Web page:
When the sight is perfect the subject is able to observe that all objects regarded appear to be moving. A letter seen at the near point or at the distance appears to move slightly in various directions. The pavement tonics toward one in walking, and the houses appear to move in a direction opposite to one's own. In reading the page appears to move in a direction opposite to that of the eye. If one tries to imagine things stationary, the vision is at once lowered and discomfort and pain may be produced, not only in the eyes and head, but in other parts of the body.
This movement is usually so slight that it is seldom noticed till the attention is called to it, but it may be so conspicuous as to be plainly observable even to persons with markedly imperfect sight. If such persons. for instance, hold the hand within six inches of the face and turn the head and eyes rapidly from side to side, the hand will be seen to move in a direction opposite to that of the eyes. If it does not move, it will be found that the patient is straining to see it in the eccentric field, By observing this movement it becomes possible to see or imagine a less conspicuous movement, and thus the patient may gradually become able to observe a slight movement in every object regarded. Some persons with imperfect sight have been cured simply by imagining that they see things moving all day long.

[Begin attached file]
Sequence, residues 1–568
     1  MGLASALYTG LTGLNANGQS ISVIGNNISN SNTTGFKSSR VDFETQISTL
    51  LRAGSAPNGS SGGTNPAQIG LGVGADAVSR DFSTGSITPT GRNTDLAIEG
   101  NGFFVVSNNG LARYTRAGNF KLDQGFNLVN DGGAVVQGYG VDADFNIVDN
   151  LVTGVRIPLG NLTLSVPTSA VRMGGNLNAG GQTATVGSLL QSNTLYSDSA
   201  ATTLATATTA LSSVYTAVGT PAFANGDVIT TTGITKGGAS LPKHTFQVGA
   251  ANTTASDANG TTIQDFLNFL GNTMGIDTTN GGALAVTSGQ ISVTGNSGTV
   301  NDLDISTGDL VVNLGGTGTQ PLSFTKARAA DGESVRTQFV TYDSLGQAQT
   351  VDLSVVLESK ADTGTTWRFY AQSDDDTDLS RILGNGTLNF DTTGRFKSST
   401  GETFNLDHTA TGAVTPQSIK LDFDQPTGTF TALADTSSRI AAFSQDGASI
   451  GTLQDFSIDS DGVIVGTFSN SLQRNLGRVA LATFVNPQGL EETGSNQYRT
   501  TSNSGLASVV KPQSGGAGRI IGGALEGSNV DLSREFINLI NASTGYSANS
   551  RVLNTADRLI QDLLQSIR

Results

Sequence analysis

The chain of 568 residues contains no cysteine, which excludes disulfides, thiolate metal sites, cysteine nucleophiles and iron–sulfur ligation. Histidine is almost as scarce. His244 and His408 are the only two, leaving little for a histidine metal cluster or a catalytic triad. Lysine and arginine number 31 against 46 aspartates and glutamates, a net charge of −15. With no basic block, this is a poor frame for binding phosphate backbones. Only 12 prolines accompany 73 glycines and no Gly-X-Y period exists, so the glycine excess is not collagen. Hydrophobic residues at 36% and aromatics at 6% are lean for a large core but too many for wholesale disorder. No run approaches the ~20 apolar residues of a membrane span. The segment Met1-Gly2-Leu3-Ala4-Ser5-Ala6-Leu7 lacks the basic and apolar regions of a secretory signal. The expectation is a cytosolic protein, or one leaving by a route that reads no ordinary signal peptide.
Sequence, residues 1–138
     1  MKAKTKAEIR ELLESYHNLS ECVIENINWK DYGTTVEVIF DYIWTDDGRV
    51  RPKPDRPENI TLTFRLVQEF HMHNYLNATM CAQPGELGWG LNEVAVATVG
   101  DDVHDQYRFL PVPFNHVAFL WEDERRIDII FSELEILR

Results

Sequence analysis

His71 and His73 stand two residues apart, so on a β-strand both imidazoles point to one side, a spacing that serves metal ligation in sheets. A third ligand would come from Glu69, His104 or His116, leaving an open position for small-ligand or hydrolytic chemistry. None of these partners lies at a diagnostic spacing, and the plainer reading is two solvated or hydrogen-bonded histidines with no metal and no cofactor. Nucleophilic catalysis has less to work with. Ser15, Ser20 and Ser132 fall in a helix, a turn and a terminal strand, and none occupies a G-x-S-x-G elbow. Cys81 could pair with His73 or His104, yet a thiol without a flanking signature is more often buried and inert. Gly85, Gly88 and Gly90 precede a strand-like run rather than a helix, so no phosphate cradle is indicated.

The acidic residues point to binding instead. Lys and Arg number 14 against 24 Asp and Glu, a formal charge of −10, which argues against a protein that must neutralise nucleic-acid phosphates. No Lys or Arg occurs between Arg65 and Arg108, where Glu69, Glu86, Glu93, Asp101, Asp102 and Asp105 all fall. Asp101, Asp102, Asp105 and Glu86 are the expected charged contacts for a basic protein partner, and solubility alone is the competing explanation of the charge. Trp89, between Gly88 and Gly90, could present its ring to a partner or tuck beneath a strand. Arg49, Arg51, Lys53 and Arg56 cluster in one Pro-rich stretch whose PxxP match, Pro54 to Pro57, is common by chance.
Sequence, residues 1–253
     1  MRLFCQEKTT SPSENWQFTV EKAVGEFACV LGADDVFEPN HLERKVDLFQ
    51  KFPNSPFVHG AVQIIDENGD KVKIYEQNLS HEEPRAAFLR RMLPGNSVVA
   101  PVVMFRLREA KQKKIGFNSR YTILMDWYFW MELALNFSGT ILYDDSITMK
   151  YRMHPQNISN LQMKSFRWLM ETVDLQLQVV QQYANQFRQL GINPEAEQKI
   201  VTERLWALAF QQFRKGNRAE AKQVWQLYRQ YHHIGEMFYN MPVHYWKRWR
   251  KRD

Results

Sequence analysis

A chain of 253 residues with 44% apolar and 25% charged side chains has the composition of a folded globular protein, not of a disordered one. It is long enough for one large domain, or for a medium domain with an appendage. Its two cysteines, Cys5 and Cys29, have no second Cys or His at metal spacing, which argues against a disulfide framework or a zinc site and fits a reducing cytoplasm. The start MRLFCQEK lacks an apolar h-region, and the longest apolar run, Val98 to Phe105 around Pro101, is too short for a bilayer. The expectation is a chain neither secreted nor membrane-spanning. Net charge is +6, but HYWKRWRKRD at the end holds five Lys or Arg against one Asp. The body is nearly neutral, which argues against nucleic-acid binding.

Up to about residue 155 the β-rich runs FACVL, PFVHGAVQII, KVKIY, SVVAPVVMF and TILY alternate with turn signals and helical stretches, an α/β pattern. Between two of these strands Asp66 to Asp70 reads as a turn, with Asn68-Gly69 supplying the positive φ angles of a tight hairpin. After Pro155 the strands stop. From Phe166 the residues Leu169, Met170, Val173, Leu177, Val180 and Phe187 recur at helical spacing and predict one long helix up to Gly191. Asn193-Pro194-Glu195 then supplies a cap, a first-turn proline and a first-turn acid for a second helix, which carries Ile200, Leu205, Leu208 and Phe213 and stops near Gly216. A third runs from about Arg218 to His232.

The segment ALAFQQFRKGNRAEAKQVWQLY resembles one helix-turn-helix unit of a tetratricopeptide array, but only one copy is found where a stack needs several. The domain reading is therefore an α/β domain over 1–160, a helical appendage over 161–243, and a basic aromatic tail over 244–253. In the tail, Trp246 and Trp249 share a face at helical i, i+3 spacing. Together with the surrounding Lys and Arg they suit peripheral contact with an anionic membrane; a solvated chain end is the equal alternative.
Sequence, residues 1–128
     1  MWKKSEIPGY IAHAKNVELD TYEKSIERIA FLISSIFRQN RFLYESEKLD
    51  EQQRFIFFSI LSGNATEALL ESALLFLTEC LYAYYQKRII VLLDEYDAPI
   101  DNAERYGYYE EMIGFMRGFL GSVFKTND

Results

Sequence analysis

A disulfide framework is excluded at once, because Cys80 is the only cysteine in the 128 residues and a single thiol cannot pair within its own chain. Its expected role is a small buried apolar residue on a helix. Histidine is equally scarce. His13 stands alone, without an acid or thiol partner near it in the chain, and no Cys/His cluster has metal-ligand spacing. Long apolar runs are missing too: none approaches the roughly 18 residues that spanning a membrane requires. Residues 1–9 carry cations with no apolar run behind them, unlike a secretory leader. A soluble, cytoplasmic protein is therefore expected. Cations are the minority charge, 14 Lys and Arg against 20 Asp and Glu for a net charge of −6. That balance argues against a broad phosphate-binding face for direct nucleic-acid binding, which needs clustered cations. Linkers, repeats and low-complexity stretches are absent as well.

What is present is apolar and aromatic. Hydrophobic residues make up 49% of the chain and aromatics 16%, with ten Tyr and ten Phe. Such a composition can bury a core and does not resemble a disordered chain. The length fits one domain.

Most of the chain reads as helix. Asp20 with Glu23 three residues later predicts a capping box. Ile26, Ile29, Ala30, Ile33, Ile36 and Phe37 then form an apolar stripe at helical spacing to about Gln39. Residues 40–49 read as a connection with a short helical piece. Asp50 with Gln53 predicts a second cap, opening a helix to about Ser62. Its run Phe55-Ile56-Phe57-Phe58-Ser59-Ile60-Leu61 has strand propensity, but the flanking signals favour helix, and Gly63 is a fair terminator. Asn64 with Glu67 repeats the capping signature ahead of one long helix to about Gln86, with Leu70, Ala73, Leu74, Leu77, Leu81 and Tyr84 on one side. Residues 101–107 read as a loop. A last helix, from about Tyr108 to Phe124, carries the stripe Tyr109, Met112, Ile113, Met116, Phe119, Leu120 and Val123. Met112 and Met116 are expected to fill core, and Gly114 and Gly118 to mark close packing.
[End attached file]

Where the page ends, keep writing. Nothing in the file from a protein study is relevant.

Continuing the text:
The world moves. Let it move. All objects move if you let them. Do not interfere with this movement, or try to stop it. This cannot be done without an effort which impairs the efficiency of the eye and mind.